In January Chinese media coverage of the region was focused on the evolution of the current situation in the Middle East as it progresses in 2019. This commentary was run against the backdrop of weakening American influence while Russia continues to strengthen ties in the Mediterranean and its immediate surrounds. Chinese commentators see the relations among regional powers and extra-regional powers becoming tenser, especially as the United States is increasingly less willing and capable of guiding its regional allies as well as regional enemies. China considers that the region has yet to enter the “post-American” and that this transitory period will be a long and uncertain one, especially as the competition between Russia and the United States continues to escalate.
In general, Chinese commentators do not expect any significant improvement in 2019. According to Tian Wenlin, a researcher at the China Institute of Contemporary International Relations, the social stability of many of the region’s countries remain extremely weak. Tian asserts that, despite many governments managing to bolster their hold on power, their people as yet still demand reforms at a time when economic development remains well below what would be necessary to improve standards of living in a significant way. The war in Yemen, for example, Chinese media believes will likely continue. Furthermore, despite the amount of resources invested in the war, it is unlikely that Saudi Arabia will achieve any breakthrough in defeating the Houthi. Though China believes that Iran will not collapse, it does contend that Iran’s economy will continue to suffer due America’s sanctions. According to the China Institute of International Studies’ Dong Manyuan, the only place where war seems being close to end is Syria. This Dong mostly attributes to Russia’s part in supporting the Syrian government to the point where it can reassert control over most of the country.
However, despite this acknowledgement of Moscow’s success, there is little sign that China is ready or interested in playing any role in a Russia-led peace process in Syria. Indeed, though the 12th round of the Astana Process on Syrian Peace scheduled for early February, Chinese media does not appear to be covering it. This is a fairly clear sign that Beijing is not willing to endorse it explicitly. As mentioned in previous issues of the ChinaMed Bulletin, Chinese scholars believe that a peace process that does not include Western countries and that takes place outside the United Nations (UN) cannot ensure a long-term solution to the Syrian problem. References to the divisions between regional power, and Russia and the United States made by Li Weijian in an article published by the People’s Daily appear to further indicate China’s discomfort in participating in a process whose diplomatic foundations it considers inherently weak.
China’s activities in January have not, however, been curtailed by its opinion on Syria or Yemen. For instance, the Chinese Ministry of Foreign Affairs published a short article on the visit of a group of Chinese entrepreneurs to Libya. This was the first of such visits since the Chinese embassy in Libya closed and its diplomats began operating from Tunisia in 2014. The entrepreneurs talked with Libyan authorities about the business and security environment of the country with the visit presented in the article as an “active response” to a request from Libya. Reportedly, this request was officially made by the UN-backed Libyan Government of National Accord’s leader Fayez al-Sarraj during the Forum on China-Africa Cooperation in September 2018. As we reported, China’s Charge d'Affaires in Libya, Wang Qimin, declared that the situation at the time was too dangerous for China to meet this request. The visit of the entrepreneurs in January, therefore, was a significant event. Qatar also received attention from Chinese media this month with Qatar's Sheikh Tamim bin Hamad Al Thani visiting Bejing at the end of the January to sign several memorandums of understanding with Chinese President Xi Jinping. The Chinese President stated that he hopes to see cooperation with Qatar to grow in the areas of energy, finance, and infrastructure. Moreover, the exchange of points of view over counterterrorism and the fight against extremism should be strengthened.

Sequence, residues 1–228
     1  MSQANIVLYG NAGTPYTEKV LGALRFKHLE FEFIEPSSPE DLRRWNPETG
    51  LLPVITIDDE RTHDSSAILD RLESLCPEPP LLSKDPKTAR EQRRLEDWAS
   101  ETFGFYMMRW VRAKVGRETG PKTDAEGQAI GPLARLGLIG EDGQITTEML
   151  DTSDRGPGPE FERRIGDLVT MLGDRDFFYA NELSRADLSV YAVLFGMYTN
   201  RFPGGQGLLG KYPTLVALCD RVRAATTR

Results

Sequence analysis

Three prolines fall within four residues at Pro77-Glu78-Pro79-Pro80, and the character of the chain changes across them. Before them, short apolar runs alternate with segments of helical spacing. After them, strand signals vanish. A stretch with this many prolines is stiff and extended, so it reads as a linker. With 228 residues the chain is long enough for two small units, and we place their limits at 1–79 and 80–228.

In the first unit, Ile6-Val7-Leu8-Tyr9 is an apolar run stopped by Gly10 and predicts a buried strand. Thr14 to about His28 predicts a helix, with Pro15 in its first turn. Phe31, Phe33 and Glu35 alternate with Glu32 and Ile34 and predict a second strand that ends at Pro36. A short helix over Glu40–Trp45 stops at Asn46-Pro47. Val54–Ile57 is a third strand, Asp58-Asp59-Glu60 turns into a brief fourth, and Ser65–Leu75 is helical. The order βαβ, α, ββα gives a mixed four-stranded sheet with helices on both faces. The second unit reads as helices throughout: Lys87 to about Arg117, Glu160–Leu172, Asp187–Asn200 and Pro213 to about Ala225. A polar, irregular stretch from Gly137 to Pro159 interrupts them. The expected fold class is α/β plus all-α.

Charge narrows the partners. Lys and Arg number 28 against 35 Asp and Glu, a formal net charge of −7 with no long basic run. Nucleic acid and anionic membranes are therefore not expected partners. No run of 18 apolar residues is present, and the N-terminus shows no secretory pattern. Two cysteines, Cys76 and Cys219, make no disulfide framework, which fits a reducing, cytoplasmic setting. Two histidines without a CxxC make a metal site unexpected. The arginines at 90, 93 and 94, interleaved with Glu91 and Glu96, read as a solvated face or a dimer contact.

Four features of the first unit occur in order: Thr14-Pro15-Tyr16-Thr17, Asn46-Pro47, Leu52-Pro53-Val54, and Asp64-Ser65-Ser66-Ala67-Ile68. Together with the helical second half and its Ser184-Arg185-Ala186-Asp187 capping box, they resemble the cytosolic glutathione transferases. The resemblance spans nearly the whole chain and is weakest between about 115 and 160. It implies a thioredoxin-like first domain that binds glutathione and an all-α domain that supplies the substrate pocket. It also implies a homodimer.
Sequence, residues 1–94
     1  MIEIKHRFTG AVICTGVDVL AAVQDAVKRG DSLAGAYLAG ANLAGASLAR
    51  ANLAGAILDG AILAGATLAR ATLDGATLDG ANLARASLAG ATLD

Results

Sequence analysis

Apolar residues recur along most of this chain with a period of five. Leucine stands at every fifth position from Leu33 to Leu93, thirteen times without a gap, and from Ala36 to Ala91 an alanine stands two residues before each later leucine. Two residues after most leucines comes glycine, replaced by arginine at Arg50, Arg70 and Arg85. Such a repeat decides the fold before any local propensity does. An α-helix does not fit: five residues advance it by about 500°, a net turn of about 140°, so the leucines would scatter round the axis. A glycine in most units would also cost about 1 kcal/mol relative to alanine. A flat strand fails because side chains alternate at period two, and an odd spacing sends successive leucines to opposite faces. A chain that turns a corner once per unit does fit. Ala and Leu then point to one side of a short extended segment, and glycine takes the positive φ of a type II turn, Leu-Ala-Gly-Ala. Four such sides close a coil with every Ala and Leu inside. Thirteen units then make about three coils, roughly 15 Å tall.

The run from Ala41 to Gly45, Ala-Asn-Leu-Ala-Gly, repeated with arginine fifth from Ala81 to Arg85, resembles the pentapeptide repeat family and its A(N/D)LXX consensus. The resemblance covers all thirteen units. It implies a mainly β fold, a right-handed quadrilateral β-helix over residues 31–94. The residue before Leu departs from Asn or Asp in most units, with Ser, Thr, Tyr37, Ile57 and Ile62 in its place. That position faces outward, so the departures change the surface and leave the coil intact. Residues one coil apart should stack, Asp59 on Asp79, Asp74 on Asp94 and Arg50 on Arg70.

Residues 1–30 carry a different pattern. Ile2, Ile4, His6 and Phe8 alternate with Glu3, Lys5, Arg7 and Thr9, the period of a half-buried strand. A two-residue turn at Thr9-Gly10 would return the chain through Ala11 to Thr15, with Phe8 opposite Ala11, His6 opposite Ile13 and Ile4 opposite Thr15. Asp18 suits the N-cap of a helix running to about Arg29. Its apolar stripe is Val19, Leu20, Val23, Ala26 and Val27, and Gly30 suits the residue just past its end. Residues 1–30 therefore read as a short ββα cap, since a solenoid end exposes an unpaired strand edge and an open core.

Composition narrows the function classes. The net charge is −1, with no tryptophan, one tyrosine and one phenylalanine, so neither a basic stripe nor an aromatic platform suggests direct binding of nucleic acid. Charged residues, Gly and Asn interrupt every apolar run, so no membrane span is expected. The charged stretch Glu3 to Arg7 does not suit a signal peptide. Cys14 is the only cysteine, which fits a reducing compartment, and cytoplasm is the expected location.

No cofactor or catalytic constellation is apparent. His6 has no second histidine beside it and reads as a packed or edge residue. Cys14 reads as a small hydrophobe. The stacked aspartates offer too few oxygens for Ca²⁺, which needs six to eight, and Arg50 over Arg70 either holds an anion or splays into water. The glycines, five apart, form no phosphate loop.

Chinese security presence in the Mediterranean region has also headlined in its domestic media this month with Chinese peacekeepers being indirectly involved in the response to strikes against the United Nations Stabilization Mission in Mali of 20 January. The attack was carried out by a Norther-African branch of Al-Qaeda and led to the death of 10 Chadian soldiers, with 25 other persons injured. 8 of these were successfully treated in the hospital of the Chinese peacekeeping camp. While this emphasized the positive elements of a Chinese military presence, the future of China’s ongoing support was a topic of discussion on 9 January at a press conference held by Information Office of China’s State Council. The former Vice President of China’s Academy of Military Sciences, Lieutenant General He Lei stated that, following the completion of the current Djibouti base project, the further building of Chinese bases on foreign soil will depend on the needs of the UN and the consent of the host countries. Although this opinion does not carry the same weight as if He Lei were still at the Academy, his statement does provide a certain degree of official legitimacy to the possibility of a second Chinese military base in or near to the Mediterranean region in the future.
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